Couple of things popped up right away as I read the Forbes report. Job’s & Co are clearly aware of the competition and that of-course is inevitable when you have a hot product like the iPhone. He doesn’t want to lose that competitive edge and having control over core components is one way to ensure that. The Forbes article also says…
I think that’s a valid point - why share profits with third party component manufacturers when you can have your own. However I think the $278 million investment in PA Semi goes beyond that and I mean literally. IMO Jobs is looking beyond the iPhone and I think the bigger goal is to drive and perhaps control the chip industry which so far has been dominated by Intel. The real investment is in the intellectual property including the brains of Dan Dobberpuhl (the founder) and his staff of engineers. These guys are innovators and their track record attests to that. So with that kind of talent Jobs is now potentially in a position to dictate the future direction of the chip industry by innovating and coming out with cutting edge technology like the low-power chip.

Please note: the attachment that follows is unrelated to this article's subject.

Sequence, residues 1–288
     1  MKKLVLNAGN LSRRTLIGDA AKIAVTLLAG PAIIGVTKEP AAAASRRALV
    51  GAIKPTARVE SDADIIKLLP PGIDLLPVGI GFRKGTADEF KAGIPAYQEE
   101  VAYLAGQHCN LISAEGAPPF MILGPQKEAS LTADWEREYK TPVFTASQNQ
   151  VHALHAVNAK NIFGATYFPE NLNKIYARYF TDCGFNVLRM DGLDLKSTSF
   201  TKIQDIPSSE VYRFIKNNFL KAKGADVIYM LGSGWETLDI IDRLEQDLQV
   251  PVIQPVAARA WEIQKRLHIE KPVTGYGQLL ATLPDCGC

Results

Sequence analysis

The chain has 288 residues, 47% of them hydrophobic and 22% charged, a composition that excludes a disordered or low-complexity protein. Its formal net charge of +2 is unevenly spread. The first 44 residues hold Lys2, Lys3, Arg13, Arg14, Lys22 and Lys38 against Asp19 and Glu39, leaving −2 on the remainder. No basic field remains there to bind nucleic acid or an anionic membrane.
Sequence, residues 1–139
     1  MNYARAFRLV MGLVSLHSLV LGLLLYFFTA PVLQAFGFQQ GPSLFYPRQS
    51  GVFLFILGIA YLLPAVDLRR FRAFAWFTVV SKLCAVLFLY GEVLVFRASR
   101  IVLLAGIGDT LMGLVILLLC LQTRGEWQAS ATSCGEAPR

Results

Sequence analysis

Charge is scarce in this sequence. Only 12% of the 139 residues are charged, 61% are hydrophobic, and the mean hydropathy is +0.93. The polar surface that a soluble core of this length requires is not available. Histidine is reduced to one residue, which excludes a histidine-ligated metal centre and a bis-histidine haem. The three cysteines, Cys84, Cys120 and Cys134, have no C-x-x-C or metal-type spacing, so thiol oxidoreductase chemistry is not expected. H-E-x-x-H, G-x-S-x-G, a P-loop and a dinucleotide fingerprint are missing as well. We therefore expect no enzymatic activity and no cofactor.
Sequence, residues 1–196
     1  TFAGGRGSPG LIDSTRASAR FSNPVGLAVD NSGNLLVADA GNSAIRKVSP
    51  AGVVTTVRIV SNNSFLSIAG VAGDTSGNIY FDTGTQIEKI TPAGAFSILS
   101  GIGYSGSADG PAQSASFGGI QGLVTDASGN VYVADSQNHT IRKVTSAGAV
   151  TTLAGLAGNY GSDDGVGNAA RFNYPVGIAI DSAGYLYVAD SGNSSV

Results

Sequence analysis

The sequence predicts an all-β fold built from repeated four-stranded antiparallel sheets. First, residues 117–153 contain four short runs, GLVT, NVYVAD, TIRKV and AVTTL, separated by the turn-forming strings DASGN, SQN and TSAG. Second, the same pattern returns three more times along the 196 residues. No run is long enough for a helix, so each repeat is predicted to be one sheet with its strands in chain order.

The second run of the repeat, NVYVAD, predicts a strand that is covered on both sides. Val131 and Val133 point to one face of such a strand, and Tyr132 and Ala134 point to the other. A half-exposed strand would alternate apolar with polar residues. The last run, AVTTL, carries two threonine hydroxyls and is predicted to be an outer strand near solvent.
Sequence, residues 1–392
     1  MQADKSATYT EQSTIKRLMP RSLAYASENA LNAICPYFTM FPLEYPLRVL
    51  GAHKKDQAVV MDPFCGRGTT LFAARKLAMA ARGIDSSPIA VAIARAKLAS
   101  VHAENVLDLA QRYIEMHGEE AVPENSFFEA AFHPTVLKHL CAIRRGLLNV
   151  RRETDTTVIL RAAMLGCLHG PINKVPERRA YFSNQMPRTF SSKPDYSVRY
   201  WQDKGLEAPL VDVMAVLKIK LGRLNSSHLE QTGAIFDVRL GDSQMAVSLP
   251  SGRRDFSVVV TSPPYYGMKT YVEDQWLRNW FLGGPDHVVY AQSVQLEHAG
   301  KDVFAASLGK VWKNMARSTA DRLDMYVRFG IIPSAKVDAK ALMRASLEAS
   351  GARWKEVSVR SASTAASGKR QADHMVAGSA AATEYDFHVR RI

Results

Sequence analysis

I think this is a long term strategy contrary to popular belief they are going to replace the chips in their existing line of products including the iPhone. Nevertheless this will in interesting to watch.